Notice of William B. Greene, The Blazing Star

“Notice of New Books,” The New Englander, XXXII, 1 (January, 1873), 183.

MR. WILLIAM B. GREENE’S BLAZING STAR† seems to us to shine by a reflected light, and that light, whatever there is, is reflected from the Appendix on the Jewish Kabbala, if this be not darkness visible. We frankly confess to have been able to gather little or nothing from both except the excitement of our curiosity to learn somewhat more of this same Kabbala. But whatever these first portions of this volume have failed to furnish has been more than compensated by the tract on the Philosophy of Spencer and the tract on New England Transcendentalism. The first is sharp, clear, and decisive, and abounds in the clear analysis of which the author is capable, and the soldier-like charge upon his adversary, in which there is nothing unchivalrous though it is annihilating. Mr. Spencer’s pretentious inflations would not long survive a few such criticisms as this. The tract on New England Transcendentalism is equally able though not so long. Its affinity with Buddhism is clearly set forth, and there is a sad pathos and almost stern reproof in the reflections at the close.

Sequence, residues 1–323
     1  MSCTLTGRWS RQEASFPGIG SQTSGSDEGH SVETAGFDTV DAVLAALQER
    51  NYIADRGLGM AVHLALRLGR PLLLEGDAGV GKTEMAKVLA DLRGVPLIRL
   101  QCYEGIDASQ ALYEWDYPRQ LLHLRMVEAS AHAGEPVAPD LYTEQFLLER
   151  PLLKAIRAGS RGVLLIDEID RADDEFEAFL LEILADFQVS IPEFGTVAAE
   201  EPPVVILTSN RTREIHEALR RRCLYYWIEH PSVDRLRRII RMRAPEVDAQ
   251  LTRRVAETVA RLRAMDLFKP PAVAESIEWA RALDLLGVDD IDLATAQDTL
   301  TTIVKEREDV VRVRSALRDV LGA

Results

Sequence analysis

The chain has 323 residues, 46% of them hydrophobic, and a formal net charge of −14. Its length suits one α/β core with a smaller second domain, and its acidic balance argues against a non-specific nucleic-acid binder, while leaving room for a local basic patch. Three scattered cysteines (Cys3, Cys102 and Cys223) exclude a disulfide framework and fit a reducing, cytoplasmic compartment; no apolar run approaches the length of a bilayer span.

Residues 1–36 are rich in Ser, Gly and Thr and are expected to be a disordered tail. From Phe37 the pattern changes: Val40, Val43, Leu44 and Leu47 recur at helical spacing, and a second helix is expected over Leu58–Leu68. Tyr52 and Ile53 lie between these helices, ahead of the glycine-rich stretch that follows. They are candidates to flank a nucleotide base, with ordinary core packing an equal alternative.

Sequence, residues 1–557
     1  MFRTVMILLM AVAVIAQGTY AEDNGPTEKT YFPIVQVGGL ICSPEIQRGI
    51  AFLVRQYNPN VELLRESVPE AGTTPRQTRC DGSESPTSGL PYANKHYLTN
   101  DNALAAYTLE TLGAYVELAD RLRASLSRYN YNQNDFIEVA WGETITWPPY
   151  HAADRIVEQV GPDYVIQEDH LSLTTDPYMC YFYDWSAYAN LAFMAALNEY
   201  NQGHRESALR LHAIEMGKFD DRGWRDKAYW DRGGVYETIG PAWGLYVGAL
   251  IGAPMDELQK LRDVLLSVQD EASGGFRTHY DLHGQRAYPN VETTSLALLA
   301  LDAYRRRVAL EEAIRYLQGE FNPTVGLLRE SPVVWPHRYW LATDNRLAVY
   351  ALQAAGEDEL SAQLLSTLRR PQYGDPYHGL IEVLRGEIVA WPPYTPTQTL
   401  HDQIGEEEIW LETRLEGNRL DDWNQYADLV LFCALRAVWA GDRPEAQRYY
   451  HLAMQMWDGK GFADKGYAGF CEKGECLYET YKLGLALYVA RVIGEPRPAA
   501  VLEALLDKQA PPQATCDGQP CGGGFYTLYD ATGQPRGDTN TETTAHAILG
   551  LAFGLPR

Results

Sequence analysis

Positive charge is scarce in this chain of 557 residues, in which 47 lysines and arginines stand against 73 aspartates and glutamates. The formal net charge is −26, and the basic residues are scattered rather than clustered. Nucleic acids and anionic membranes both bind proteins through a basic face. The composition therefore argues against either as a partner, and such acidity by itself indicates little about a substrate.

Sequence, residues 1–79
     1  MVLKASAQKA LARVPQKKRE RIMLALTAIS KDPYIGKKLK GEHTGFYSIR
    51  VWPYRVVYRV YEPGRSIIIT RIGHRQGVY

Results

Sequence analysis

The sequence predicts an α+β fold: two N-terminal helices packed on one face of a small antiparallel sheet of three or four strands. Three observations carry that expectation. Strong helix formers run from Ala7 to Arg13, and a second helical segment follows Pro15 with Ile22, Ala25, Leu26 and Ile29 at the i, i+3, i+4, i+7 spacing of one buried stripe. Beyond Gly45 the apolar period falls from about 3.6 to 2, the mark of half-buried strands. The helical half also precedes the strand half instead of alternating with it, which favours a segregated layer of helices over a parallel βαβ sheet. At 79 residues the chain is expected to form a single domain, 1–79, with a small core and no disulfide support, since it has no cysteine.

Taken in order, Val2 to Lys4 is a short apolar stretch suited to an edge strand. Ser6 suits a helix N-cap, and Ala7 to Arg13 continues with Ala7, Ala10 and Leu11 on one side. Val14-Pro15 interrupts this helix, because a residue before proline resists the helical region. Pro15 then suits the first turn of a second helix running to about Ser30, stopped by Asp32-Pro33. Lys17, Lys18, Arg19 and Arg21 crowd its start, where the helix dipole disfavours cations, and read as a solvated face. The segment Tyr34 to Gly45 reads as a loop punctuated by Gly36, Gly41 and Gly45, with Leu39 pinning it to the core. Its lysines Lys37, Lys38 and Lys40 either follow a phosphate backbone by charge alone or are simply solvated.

† The Blazing Star; with an Appendix treating of the Jewish Kabbala. Also a tract on the Philosophy of Mr. Herbert Spencer, and one on New England Transcendentalism. By WILLIAM B. GREENE. Boston: A. Williams & Co. 1872.

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